Reolink Argus: Extended test of a clever wireless outdoor camera

Reolink Argus: Extended test of a clever wireless outdoor camera

small_Reolink Argus product shot.jpgI’ve written a lot about various kinds of remote cameras, especially for how they can be useful for security and monitoring. There are plenty of models for indoor use, and for outdoor use with wired power, but not very many choices for completely-wireless outdoor cameras. In particular, I wanted one that didn’t require a paid monthly subscription to a cloud service. So I was excited when the folks at Reolink contacted me about their new Argus model.

Deer feeding near the Reolink Argus.jpg
Cameras aren’t just for security. We often put food out for the birds, and are curious which ones show up.
In this case, it was quite a bit larger bird than we normally get.

Bargain-priced 1080p and truly-wireless

While the Argus doesn’t have any of the fancy features of expensive outdoor cameras from Ring and Nest, it is a great value at $90 (current discounted price) for a truly-wireless 1080p camera that can survive outdoors. We’ve had ours in fairly busy areas for the last couple months, and it has performed flawlessly. It uses four CR123A batteries, which are a little less common than AAs, but give it excellent battery life. Even with night time motion detection enabled, our first set of batteries is just running out after two months, with several thousand motion events during that time. There isn’t a power switch (you just stick the batteries in and put the cover back on), which means when you are messing with it you keep getting motion alerts, but that doesn’t matter once you have it set up somewhere. The camera also offers 2-way audio.


We found the motion detection on the Argus to be very sensitive. It picked up passing vehicles, people, and animals. If it has a flaw in that area, it also picked up some moving shadows when the clouds and wind were combining to create changing lighting conditions outdoors. I set it up to send alerts to my Android smartphone, which were in turn forwarded to my Sony Android Wear smartwatch. Once you get an alert, you can log in to the app and watch the current stream or have the camera replay the video clips it recorded when detecting motion. It offers two settings for playback, 720p and 1080p, so you can tune it to your network performance. I also liked the magnetic dome mount, that allows you to position the camera in any direction on its base. That’s a huge improvement over some of the competition’s very limited directional flexibility.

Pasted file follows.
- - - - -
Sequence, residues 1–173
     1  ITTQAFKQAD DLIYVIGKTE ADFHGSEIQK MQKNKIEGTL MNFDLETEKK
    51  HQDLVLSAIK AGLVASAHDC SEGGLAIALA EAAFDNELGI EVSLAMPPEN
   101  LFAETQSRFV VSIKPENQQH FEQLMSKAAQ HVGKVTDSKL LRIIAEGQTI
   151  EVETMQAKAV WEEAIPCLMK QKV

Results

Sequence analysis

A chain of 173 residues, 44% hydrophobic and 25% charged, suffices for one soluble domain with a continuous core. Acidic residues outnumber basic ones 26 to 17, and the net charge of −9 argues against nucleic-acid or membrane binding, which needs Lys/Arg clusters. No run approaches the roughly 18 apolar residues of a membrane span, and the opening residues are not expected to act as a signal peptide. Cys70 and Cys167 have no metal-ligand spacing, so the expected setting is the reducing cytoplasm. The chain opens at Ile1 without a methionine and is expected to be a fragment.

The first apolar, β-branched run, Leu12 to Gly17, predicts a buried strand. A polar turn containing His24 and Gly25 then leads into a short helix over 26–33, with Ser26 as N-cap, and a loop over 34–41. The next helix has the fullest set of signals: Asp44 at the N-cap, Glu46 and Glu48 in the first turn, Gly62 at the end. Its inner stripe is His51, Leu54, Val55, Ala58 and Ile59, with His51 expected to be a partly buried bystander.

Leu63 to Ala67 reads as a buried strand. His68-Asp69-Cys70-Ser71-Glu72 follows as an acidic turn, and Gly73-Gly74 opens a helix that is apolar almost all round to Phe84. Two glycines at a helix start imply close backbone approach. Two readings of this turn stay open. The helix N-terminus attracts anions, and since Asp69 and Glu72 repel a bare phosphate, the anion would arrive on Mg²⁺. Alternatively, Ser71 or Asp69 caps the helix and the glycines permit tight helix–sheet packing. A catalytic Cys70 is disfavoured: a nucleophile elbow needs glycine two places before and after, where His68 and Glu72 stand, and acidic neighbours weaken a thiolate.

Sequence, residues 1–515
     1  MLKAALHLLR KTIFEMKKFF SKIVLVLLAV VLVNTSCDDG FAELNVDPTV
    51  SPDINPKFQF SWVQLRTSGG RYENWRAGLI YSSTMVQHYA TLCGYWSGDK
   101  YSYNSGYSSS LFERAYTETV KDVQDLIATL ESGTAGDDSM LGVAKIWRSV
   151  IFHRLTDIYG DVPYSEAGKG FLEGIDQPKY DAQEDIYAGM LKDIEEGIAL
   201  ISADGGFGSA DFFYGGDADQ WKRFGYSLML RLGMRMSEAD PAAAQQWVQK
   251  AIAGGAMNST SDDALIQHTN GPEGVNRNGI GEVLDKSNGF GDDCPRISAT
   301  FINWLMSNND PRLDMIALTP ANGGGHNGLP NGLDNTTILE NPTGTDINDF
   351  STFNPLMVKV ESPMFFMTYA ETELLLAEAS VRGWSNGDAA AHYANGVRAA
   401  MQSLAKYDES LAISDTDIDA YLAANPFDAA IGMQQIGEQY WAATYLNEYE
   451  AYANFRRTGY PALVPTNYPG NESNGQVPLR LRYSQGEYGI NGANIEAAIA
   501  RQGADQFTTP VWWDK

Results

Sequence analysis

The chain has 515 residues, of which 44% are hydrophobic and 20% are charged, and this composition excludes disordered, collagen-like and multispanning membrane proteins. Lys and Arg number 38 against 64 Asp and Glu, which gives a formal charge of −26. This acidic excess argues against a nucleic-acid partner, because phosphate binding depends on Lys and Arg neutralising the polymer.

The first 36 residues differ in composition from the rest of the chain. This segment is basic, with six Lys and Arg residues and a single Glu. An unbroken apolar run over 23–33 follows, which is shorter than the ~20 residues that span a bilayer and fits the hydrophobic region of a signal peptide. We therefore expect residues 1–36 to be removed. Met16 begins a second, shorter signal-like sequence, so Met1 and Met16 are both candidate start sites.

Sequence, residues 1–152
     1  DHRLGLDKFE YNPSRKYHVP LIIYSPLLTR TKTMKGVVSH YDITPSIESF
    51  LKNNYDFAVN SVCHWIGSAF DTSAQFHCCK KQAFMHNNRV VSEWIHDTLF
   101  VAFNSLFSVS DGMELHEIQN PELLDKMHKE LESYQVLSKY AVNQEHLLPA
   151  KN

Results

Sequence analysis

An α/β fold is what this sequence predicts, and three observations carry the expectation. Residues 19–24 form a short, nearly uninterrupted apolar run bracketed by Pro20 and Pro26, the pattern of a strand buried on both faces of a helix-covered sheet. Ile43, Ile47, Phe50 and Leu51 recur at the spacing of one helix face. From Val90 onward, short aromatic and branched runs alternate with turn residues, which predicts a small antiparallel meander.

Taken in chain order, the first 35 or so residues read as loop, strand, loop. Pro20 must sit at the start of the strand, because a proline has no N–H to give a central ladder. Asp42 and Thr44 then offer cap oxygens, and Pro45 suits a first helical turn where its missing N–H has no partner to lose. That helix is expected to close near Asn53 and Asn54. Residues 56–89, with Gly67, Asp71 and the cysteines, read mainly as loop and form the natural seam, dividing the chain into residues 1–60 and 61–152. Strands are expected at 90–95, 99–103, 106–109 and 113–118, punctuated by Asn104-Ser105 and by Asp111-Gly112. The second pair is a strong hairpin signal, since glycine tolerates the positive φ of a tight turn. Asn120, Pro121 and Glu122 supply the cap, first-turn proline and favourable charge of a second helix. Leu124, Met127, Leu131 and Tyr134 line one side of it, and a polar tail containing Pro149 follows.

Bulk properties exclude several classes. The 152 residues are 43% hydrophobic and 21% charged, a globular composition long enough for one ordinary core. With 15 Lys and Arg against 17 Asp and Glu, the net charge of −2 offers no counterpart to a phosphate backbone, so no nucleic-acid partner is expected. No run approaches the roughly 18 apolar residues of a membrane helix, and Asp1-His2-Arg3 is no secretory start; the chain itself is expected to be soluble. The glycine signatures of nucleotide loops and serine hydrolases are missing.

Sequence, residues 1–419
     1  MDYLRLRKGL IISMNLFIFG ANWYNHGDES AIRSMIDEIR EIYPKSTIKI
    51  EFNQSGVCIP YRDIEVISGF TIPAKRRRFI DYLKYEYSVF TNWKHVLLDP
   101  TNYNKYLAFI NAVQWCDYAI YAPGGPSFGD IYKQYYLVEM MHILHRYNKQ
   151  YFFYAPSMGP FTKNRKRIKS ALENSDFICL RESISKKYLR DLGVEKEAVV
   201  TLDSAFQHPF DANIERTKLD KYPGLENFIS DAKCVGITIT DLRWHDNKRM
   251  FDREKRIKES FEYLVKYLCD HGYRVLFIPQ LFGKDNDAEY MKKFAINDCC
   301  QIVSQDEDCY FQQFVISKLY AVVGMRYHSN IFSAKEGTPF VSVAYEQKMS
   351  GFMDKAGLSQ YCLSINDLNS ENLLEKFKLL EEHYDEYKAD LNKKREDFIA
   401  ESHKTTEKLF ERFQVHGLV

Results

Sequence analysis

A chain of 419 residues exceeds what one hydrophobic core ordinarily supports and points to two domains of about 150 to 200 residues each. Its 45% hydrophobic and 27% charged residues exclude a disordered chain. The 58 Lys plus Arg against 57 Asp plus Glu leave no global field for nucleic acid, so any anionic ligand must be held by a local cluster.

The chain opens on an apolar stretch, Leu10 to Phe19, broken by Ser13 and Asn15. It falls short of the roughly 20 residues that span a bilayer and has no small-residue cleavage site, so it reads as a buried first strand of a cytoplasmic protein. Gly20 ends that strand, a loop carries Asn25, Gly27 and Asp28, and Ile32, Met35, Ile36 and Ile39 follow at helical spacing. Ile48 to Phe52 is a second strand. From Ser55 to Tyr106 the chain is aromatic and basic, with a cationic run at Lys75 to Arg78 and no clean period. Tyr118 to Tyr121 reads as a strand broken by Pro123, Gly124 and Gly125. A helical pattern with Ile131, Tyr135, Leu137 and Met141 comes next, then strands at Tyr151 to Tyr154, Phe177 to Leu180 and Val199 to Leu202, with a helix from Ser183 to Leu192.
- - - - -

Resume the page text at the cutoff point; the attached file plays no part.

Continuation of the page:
One nice feature of the Argus is that you get a video clip after motion is detected, that you can download to your phone with a single click.


Pure peer operation: Pros and cons

The Reolink Argus is somewhat unique among security cameras as it offers pure peer-to-peer operation. When you access it over the web or from a smartphone, you are looking at the video on the camera – either streaming or recorded. In some ways, that is really nice. There are no cloud services to sign up for, or pay for. It is also very responsive (assuming you have an adequate internet connection). The downside is that the video is not backed up anywhere. That means that if you use it for security, anyone removing the SD card from the camera or simply swiping the camera itself will render its video inaccessible. The camera’s white color makes it stand out, so if you do expect it to survive a break-in, some type of camouflage may be needed. The camera does come with a security mount, but that wouldn’t stop someone willing to break it to steal it.


Summary: A really-fun and practical way to keep your eye on things

Overall, this is a simple, elegant, way to keep a remote eye on any number of locations. Whether you’re interested in what animals are coming to your yard, or want to know when the kids get home from school, it’ll do the job. Its lack of either streaming or cloud support make it problematic for true security use, though, unless you can place it somewhere either inaccessible or invisible. For convenience, I’d also like a power switch, so I don’t have to remove the cover and pull the batteries to stop getting alerts. The app has support for multiple cameras, and multiple simultaneous screens, but I’ve only used it with one camera. The unit’s low price make it an interesting option for anyone looking to scout out locations, or experiment with where they might want to place more expensive or wired cameras before going to all the work of running wiring.

If you want one, you can pre-order from .